Cristina Lee, Sales, Marketing and Publishing Director of Harlequin Australia, echoed Laurens’s statements. She said that those titles sell and that Harlequin has a list of keywords that they know will sell. When she talks about selling, she seems to focus on purchasers from booksellers rather than actual consumers (although it stands to reason that readers love them because they’re buying them from the booksellers).
Why does the world love our Aussie accent?
The first panel I went to, “The Aussie voice”, only had about 25 people in it. (I suspect most people went to the Paranormal panel with Sherrilyn Kenyon.) Nevertheless, we had some good discussions about the Australian style of writing. In the panel were Melanie Milburne, Paula Roe, Michelle Douglas, Elisabeth Rose and Jane Tara. Anna Campbell, Bronywn Parry and Carol Marinelli were in the audience and put in their 2 cents.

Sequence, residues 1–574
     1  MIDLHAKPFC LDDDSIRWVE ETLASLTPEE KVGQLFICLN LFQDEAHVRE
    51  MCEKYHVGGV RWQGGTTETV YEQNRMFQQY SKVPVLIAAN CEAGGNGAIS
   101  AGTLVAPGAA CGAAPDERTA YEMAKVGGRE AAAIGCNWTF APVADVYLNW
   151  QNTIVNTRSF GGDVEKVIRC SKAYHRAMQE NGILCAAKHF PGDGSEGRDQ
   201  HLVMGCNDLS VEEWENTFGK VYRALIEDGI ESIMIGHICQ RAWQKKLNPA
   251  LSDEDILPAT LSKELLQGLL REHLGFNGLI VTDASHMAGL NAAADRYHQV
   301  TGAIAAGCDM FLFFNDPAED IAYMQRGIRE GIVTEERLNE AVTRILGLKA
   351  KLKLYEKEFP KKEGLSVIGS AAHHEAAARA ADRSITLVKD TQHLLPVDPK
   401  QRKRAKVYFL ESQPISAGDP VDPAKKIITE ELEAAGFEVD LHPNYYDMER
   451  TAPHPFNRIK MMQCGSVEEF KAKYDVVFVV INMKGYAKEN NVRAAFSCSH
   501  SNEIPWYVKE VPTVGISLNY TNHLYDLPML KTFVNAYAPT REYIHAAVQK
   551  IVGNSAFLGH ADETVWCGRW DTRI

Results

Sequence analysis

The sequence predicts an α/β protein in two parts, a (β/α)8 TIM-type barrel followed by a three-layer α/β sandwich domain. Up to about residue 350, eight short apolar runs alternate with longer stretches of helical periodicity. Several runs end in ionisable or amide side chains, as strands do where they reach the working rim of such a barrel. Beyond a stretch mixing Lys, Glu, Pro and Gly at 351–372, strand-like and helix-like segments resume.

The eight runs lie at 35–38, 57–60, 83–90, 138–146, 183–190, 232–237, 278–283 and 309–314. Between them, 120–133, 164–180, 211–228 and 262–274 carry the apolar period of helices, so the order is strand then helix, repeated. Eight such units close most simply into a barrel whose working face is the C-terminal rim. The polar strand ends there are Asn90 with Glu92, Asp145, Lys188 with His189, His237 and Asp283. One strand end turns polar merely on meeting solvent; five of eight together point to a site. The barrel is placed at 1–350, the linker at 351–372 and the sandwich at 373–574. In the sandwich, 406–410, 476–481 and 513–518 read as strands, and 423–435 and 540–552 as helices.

A few of the authors wrote for HQN and talked about how British, American and Australian markets preferred distinct styles. Marinelli said that British authors, for example, have more narrative. Aussies are more pared back, more direct. So the authors adapt their style to whichever market they’re targeting. Parry said that she originally wrote As Darkness Falls for an American audience. But when she ended up selling it to an Aussie publisher, she had to trim down the writing because her editor said that it wouldn’t fly with Aussie readers. (And can I say, THANK YOU!) It was mentioned a couple of times that Aussie authors are exposed to American and British culture, so it’s not too difficult to write as an American or British writer; however, American and British authors aren’t able to write about Australians as easily. This is good for local authors, as they’re able to own this niche, although this gap may be narrowing as Aussie culture becomes more popular overseas. Also, books set in Australia are moving away from the outback and into urban settings.